What it is:
A nano cap is a company with the smallest market capitalizations in the market place, typically below $50 million.
How it works (Example):
[Number of Share Outstanding] X [Stock Price] = Market Capitalization
For example, if a company has a share price of $.75 and ten million shares outstanding, it is in the category of nano-cap stock with a market capitalization of $7.5 million.
There are several categories of stocks. The thresholds or breakpoints between each category, (e.g. nano cap, micro cap, small cap, mid cap, large cap, and mega cap) vary, depending on who you're talking to. Furthermore, because these categories measure the market value based on the stock price, they may change rapidly with the market. The categories are only intended to give a general idea of the relative size of the company at a particular point in time.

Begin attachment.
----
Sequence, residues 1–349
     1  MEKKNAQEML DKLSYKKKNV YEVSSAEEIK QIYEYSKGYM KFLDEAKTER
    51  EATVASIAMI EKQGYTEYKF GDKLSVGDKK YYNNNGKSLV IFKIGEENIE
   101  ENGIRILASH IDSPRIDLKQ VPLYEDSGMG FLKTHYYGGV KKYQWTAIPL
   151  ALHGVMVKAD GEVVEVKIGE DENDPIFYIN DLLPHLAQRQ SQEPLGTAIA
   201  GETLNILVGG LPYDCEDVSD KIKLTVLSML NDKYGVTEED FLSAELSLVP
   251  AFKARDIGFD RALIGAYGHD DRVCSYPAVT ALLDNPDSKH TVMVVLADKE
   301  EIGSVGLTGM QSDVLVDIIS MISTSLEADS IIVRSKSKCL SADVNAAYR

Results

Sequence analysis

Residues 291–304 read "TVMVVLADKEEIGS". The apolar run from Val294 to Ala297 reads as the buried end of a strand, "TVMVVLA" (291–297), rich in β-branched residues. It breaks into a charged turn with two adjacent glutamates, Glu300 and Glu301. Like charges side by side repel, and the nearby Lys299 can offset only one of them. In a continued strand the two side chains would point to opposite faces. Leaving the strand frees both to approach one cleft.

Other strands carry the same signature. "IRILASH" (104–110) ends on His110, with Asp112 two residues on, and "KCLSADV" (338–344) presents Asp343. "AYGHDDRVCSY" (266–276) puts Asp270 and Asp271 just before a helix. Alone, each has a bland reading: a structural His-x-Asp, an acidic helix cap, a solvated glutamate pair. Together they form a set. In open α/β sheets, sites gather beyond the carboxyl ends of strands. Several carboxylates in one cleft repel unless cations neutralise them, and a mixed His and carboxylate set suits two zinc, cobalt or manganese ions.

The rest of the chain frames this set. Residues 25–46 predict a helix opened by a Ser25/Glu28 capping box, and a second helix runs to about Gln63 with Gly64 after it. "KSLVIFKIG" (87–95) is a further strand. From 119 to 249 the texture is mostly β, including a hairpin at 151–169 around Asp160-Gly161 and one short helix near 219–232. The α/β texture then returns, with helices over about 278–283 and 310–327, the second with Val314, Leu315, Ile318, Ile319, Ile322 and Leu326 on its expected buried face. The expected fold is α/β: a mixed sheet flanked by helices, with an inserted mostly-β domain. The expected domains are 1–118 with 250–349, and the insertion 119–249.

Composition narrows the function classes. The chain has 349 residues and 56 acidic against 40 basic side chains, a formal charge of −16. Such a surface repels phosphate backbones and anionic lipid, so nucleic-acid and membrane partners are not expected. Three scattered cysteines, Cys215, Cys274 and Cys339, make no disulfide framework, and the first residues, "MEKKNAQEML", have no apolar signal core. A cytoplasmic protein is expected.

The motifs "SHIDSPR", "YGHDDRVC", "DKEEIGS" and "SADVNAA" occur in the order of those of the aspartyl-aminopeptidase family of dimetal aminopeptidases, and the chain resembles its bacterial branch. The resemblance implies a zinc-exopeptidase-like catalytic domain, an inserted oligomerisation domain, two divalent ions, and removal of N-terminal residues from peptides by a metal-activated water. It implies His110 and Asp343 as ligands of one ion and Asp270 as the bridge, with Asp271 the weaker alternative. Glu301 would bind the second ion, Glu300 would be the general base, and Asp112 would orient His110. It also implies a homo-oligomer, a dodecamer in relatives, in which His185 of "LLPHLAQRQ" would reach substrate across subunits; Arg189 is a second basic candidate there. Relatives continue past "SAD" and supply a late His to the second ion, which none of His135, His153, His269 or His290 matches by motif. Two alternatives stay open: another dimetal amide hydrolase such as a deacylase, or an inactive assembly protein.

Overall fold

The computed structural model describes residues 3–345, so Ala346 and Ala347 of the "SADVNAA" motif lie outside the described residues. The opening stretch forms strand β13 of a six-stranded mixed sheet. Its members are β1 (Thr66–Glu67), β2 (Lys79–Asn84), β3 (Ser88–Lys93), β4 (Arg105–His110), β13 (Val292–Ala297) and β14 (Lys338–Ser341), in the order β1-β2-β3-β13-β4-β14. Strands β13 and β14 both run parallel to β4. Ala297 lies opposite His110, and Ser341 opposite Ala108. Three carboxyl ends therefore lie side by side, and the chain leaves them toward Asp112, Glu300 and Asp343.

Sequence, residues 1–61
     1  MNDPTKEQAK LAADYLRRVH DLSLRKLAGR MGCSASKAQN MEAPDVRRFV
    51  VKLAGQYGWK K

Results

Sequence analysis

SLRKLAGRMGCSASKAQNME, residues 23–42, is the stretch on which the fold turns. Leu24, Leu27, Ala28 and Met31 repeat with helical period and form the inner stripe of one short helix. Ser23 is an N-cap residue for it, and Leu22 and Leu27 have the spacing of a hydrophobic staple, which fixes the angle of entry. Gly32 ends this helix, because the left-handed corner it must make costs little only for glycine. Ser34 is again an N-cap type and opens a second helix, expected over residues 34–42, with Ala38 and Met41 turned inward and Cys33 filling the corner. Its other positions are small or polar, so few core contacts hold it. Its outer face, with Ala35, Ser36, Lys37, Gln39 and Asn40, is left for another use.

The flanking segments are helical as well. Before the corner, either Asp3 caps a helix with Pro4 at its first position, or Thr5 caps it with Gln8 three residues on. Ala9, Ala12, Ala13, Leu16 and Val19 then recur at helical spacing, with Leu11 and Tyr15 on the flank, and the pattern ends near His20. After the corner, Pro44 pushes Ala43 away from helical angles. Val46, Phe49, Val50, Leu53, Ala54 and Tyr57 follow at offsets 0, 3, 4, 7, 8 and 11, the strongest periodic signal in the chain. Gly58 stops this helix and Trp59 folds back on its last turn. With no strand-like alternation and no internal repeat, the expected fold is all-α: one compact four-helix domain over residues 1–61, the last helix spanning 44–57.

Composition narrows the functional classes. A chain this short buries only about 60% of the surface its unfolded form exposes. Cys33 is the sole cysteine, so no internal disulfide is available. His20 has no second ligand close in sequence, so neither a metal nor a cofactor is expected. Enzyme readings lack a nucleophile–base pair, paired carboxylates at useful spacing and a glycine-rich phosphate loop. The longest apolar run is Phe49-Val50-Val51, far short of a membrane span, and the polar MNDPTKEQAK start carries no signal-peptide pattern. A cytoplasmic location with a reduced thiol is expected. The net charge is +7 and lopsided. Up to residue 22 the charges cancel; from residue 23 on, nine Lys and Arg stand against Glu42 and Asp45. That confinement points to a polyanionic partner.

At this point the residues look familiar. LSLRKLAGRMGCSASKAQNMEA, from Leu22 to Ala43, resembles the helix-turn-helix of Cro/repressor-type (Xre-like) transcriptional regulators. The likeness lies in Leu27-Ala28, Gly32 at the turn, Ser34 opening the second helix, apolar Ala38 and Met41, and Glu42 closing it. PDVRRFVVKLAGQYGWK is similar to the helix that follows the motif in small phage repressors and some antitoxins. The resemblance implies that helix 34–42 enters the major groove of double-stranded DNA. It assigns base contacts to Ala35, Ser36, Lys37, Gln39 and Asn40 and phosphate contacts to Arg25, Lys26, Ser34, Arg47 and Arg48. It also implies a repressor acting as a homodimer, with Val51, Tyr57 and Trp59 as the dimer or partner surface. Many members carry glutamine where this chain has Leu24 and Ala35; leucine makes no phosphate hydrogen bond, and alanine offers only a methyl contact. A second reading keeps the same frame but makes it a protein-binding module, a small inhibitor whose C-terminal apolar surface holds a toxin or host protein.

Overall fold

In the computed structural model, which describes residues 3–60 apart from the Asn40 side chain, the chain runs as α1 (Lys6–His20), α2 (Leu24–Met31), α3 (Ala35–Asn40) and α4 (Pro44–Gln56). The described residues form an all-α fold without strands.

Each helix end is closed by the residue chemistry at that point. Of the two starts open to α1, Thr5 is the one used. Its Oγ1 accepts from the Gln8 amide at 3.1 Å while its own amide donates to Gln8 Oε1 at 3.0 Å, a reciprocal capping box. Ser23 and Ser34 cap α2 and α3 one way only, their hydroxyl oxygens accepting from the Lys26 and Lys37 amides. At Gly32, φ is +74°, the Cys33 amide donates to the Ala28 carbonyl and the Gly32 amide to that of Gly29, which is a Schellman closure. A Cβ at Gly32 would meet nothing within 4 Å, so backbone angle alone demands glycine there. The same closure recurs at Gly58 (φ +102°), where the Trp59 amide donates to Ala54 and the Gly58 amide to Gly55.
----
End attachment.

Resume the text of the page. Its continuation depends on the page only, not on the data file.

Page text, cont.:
Why it Matters:
Nano-cap companies are usually very small operations and present a high degree of investment risk. They also typically have a limited history in the market, and, as a result, it is difficult to track their performance. The best way to understand the quality and performance of nano caps is to look at the fundamentals of the company, the underlying business operations and sector, and specific assets, performance, and plans for the future. Since nano caps often trade below $1 per share, they will usually be found on the Over the Counter Bulletin Board (OTCBB) or the Pink Sheets.